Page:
“In the end, for each individual, it is as rational to believe he or she WILL be among the survivors as it is to assume that he or she won’t…
We must fix our hearts and minds on a clear image of the day when AIDS is no more.
Make no mistake about it,
That day will come.”……….Michael Callen
This is the quote that fills two entire walls in the reception area at the Callen-Lorde Community Health Center where I volunteered every Tuesday for a year. The majority of my patients were HIV positive or had AIDS.
“So what is going on?” I would ask when a patient sat before me. We did not have the luxury of an hour like in private practice so the conversation continued as he or she got on the table as I would gently wash their feet with a warm towel. I listened deeply and then used my skills to reduce the anxiety of the newly diagnosed, alleviate the cravings of those afflicted with addictions, and treat the unpleasant side effects of the medications. I never mentioned once that I had a front row seat when AIDS first reared its mysterious head in the 80’s relentlessly claiming the lives of friends and acquaintances day in and out.
“It is a different disease today,” the doctor I shared the office with told me. And it is. My patients inspired me—the recovering crystal meth addict writing and performing in plays, the newly diagnosed young man gearing up for his first art show, and the man with AIDS for two decades who arrived for his fifth treatment grinning from ear to ear because he had just done a handstand for the first time in his yoga class.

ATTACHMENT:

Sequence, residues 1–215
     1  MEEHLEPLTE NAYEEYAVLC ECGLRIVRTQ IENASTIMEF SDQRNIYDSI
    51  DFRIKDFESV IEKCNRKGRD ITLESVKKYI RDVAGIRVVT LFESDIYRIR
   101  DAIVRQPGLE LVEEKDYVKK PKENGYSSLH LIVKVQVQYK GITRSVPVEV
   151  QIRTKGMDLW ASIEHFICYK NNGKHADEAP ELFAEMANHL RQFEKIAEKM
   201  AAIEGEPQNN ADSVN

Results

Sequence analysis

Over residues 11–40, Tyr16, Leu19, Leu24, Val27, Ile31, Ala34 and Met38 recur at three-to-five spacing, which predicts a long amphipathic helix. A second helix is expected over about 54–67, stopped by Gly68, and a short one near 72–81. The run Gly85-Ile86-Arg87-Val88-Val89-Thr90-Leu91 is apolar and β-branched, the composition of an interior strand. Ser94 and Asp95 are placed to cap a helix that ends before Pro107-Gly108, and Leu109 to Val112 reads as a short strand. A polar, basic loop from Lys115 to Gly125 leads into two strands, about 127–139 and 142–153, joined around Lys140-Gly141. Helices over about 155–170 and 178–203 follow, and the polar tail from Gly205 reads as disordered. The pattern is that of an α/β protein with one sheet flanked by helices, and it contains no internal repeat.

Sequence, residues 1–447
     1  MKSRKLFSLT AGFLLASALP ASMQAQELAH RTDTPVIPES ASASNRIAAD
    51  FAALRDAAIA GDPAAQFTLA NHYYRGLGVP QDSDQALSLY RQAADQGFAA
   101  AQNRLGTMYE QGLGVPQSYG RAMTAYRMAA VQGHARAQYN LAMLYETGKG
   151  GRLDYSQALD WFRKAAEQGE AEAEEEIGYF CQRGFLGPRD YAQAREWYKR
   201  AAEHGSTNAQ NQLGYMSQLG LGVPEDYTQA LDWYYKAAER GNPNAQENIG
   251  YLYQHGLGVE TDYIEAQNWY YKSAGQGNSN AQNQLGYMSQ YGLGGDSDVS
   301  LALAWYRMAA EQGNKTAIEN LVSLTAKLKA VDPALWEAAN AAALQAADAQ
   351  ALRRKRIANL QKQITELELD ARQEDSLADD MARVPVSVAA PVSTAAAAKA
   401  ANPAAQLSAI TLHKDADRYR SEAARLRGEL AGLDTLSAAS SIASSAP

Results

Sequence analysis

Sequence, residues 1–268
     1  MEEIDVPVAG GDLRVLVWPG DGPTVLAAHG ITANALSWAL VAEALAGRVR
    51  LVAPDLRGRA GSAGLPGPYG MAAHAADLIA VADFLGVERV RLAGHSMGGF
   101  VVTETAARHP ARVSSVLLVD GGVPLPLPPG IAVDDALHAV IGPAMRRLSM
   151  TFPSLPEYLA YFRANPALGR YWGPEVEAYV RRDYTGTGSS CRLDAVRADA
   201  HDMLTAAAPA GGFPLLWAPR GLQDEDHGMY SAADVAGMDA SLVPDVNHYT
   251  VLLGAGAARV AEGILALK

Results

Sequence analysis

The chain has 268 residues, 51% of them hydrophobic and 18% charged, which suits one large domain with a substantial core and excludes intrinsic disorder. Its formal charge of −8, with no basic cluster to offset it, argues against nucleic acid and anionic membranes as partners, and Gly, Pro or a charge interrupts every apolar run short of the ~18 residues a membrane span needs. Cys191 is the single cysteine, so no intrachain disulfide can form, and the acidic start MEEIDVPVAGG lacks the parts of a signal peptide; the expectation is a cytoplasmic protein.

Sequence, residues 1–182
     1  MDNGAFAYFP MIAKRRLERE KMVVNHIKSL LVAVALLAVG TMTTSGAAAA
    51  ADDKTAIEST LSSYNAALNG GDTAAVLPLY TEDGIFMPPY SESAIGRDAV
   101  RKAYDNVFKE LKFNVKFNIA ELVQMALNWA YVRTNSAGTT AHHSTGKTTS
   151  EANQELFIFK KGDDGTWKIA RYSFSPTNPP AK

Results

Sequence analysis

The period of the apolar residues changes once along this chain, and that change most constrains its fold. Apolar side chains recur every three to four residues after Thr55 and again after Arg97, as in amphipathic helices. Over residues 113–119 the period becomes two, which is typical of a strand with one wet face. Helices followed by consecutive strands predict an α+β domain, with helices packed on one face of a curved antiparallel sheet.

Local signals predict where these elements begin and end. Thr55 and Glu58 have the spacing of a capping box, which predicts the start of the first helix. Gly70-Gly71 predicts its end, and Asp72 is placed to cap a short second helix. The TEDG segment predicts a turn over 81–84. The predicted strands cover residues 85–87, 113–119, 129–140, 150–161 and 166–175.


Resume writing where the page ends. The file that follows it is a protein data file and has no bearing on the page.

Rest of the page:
Volunteer work is good for the soul especially when it has meaning for the giver. At the end of each shift I would wipe down all surfaces, put the table away and walk home with a spring in my step and a smile on my lips. Work like this lifts the spirit, and if it has the power to do that, just think of what it can do for the mind and body. In the meantime, try to find a way to give your time and talent even if it is only an hour a week or once a month. You will feel energized from it.
P.S. Thank you for the warm and generous response to last week’s blog post. Most people chose to e-mail me personally. My suggestion is this: if you are so inclined and/or think it might benefit other readers, please consider replying at the end of the post. Either way, I appreciate and read each and every one.
Joanne King says
A wonderful interview along these same thoughts
The quote from Michael Callen epitomizes the sense of fear and hopelessness that was felt in the days before anti-viral drugs had been developed when a new diagnoses of HIV was almost a death notice.
I know Maureen lost dear friends to AIDS. What a great place Callen Lorde must be to volunteer and help manage peoples health care issues so they can continue with living their lives.
How life affirming.
James Heaton says
As usual, another great post.